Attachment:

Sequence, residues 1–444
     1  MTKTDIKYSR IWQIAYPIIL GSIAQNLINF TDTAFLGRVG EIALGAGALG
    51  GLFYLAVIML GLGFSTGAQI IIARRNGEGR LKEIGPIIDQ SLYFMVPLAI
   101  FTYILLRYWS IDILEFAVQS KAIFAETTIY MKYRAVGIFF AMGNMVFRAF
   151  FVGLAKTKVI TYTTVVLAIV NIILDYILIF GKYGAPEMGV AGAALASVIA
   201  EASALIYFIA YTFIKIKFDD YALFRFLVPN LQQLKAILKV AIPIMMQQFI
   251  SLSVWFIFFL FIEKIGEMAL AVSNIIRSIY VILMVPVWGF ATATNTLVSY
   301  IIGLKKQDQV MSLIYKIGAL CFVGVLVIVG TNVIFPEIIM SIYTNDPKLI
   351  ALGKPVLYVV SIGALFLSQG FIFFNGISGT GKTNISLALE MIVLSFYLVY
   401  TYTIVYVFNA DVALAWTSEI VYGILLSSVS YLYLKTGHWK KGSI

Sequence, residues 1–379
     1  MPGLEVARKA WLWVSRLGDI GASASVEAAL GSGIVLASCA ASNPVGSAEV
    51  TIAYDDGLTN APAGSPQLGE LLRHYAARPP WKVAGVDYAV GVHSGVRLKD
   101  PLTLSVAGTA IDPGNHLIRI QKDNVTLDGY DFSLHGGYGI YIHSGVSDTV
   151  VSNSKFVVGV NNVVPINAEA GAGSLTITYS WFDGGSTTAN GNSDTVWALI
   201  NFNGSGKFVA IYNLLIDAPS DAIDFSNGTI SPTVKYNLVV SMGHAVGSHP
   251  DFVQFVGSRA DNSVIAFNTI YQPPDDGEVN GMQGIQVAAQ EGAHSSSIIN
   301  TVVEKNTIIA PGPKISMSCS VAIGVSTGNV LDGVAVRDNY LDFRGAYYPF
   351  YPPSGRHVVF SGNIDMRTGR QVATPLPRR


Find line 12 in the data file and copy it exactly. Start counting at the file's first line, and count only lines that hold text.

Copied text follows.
     1  MPGLEVARKA WLWVSRLGDI GASASVEAAL GSGIVLASCA ASNPVGSAEV